The Presidential Transition in the Social Media Age
January 19, 2017
#MediaMonday – Chrissy May
January 23, 2017
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This is not a political post, but rather a post about social media and politics.  There is no denying the powerful role social media plays (and has played) in our political system.

Brand managers have long applauded the value of social media – the opportunity to speak directly to consumers.  Large budgets are allocated, staffs are hired, monitoring services are employed, all in an attempt to keep tabs on what is being said and shared on social media.

President Barack Obama’s campaign was the first to truly engage voters online.  The strategy was appealing to many and his victory demonstrated that social media can work in elections.  This past presidential election cycle leaves no doubt that this is the case.

But with all its benefits, social media can stir the pot, creating “crises” simply because of who sends out the tweet or shares to Facebook.

In his farewell speech to the nation, President Obama issued a warning about social media.  “For too many of us, it’s become safer to retreat into our own bubbles, whether in our neighborhoods or college campuses or places of worship or our social media feeds, surrounded by people who look like us and share the same political outlook and never challenge our assumptions.”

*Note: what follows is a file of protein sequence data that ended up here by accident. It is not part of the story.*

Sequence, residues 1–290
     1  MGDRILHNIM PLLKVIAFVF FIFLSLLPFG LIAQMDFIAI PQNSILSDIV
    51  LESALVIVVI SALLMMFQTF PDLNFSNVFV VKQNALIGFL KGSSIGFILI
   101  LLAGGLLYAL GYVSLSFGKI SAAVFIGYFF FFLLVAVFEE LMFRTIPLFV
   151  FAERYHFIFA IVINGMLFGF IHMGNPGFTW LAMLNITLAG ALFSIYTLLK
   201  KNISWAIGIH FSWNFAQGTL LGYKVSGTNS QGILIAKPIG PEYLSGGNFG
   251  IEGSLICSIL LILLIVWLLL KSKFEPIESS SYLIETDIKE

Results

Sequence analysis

President Donald Trump, who’s as Twitter-savvy as they come, can make or break an organization simply because he sends out one of his famous early morning tweets.   Communications professionals have been discussing what to do if Mr. Trump tweets about your organization or client.  Here are couple blog posts to consider, one from Shel Holtz, another from Heather Whaling.

Social media is not going away.  I wouldn’t want it to.  I love the connections, the information-sharing and, yes, even the challenges that come along with it.  Time will tell how this administration will use social media, if Mr. Trump will still have access to his account or whether he’ll relinquish that control to the communications team.  Whatever the decision, social media will give us access to POTUS in a new way.  And as Mr. Trump is sworn-in today, I, like so many others, will be watching the feeds closely.

Abbie S. Fink
Abbie S. Fink
Vice President/General Manager Abbie has been doing public relations her whole life…from organizing a picket line in 6th grade to organizing client communications today. She’s passionate about a lot of things, you’ll see. Check out Abbie's full bio